A Poor Wise Man by Mary Roberts Rinehart
It was dark when Howard Cardew and Willy Cameron left the hospital. Elinor's information had been detailed and exact. Under cover of the general strike the radical element intended to take over the city. On the evening of the first day of the strike, armed groups from the revolutionary party would proceed first to the municipal light plant, and, having driven out any employees who remained at their posts, or such volunteers as had replaced them, would plunge the city into darkness.
Elinor was convinced that following this would come various bomb outrages, perhaps a great number of them, but of this she had no detailed information. What she did know, however, was the dependence that Doyle and the other leaders were placing in the foreign element in the nearby mill towns and from one or two mining districts in the county.
Around the city, in the mill towns, there were more than forty thousand foreign laborers. Subtract from that the loyal aliens, but add a certain percentage of the native-born element, members of seditious societies and followers of the red flag, and the Reds had a potential army of dangerous size.
As an actual fighting force they were much less impressive. Only a small percentage, she knew and told them, were adequately armed. There were a few machine guns, and some long-range rifles, but by far the greater number had only revolvers. The remainder had extemporized weapons, bars of iron, pieces of pipe, farm implements, lances of wood tipped with iron and beaten out on home forges.
They were a rabble, not an army, without organization and with few leaders. Their fighting was certain to be as individualistic as their doctrines. They had two elements in their favor only, numbers and surprise.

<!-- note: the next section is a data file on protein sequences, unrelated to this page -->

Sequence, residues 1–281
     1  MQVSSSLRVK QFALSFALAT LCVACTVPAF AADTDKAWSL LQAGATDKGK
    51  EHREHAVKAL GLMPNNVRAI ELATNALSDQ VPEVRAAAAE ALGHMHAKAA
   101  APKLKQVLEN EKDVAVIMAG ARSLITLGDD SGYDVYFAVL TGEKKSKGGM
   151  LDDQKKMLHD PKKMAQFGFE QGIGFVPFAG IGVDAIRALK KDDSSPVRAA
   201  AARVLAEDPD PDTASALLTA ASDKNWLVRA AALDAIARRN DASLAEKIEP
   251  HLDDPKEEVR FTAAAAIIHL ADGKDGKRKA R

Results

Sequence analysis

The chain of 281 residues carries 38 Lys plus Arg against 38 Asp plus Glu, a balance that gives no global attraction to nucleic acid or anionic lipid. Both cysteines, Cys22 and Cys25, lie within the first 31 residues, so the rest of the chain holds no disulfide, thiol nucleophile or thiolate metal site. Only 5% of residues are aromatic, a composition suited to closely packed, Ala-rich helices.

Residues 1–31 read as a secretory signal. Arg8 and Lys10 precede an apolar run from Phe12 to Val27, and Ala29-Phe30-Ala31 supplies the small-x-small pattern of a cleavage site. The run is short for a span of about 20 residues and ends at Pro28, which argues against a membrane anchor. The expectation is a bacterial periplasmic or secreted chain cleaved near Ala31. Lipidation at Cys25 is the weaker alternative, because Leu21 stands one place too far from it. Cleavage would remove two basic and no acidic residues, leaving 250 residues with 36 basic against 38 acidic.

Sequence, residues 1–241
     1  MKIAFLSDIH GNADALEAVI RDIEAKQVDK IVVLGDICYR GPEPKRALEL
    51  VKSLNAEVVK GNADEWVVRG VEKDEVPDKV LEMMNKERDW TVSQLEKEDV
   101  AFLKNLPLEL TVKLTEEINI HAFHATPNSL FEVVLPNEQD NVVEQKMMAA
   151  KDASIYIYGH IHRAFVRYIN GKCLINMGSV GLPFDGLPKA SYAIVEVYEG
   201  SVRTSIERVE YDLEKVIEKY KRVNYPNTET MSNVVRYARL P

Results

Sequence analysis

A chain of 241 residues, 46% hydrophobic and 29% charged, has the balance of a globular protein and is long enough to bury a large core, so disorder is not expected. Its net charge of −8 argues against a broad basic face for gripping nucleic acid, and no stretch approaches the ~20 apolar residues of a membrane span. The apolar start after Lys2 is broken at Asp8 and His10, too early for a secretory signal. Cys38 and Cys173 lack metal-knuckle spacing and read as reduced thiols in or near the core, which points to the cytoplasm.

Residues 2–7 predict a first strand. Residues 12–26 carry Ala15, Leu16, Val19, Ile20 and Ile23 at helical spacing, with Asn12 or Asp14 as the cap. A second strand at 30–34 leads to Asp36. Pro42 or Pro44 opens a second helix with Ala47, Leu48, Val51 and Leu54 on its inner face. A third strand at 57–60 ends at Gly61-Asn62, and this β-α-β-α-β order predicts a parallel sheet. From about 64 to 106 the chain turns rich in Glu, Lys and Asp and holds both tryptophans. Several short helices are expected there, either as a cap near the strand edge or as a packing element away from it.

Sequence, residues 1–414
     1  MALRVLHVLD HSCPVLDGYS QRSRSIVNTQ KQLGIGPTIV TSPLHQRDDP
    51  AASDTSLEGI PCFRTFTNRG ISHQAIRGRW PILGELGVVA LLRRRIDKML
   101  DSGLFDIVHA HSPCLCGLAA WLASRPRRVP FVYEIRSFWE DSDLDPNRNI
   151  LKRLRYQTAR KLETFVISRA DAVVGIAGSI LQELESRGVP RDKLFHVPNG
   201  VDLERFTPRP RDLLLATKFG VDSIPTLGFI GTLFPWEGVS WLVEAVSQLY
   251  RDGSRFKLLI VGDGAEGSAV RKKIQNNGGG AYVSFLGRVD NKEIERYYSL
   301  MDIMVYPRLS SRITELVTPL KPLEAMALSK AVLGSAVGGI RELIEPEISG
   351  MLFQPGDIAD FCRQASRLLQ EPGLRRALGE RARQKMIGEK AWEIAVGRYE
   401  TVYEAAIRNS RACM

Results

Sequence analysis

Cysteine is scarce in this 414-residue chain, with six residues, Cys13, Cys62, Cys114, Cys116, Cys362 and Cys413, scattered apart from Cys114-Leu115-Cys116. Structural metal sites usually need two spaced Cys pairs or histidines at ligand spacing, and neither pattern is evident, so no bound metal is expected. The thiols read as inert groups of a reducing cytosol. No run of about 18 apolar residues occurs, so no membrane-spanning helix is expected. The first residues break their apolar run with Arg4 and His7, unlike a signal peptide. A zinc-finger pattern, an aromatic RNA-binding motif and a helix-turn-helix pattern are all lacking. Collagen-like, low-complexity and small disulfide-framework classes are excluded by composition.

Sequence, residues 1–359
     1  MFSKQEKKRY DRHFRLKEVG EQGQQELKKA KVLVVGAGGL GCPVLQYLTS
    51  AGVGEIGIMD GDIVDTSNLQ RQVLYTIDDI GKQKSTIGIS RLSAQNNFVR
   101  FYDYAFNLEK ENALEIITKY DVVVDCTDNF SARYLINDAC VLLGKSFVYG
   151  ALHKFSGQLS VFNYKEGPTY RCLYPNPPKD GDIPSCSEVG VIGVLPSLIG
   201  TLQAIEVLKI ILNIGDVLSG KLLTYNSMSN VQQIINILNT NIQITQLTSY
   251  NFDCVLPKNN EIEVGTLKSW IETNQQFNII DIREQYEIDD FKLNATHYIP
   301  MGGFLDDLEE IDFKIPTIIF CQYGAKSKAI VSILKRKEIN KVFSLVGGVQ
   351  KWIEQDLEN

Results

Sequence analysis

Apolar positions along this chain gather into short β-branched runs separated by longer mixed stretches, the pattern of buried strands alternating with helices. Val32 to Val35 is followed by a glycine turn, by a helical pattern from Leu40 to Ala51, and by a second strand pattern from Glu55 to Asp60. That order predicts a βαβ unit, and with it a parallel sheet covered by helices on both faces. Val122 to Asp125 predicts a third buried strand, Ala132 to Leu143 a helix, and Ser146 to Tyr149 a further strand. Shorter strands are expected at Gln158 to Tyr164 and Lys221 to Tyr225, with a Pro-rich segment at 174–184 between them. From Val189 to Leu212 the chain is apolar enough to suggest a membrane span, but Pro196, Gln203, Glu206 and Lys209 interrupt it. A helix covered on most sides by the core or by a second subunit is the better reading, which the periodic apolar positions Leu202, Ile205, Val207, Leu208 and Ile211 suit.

To oppose them, if the worst came, there were perhaps five thousand armed men, including the city and county police, the state constabulary, and the citizens who had signed the cards of the Vigilance Committee. The local post of the American Legion stood ready for instant service, and a few national guard troops still remained in the vicinity. "What they expect," she said, looking up from her pillows with tragic eyes, "is that the police and the troops will join them. You don't think they will, do you?"
They reassured her, and after a time she slept again. When she wakened, at midnight, the room was empty save for a nurse reading under a night lamp behind a screen. Elinor was not in pain. She lay there, listening to the night sounds of the hospital, the watchman shuffling along the corridor in slippers, the closing of a window, the wail of a newborn infant far away.
There was a shuffling of feet in the street below, the sound of many men, not marching but grimly walking, bent on some unknown errand. The nurse opened the window and looked out.
"That's queer!" she said. "About thirty men, and not saying a word. They walk like soldiers, but they're not in uniform."
Elinor pondered that, but it was not for some days that she knew that Pink Denslow and a picked number of volunteers from the American Legion had that night, quite silently and unemotionally, broken into the printing office where Doyle and Akers had met Cusick, and had, not so silently but still unemotionally, destroyed the presses and about a ton of inflammatory pamphlets.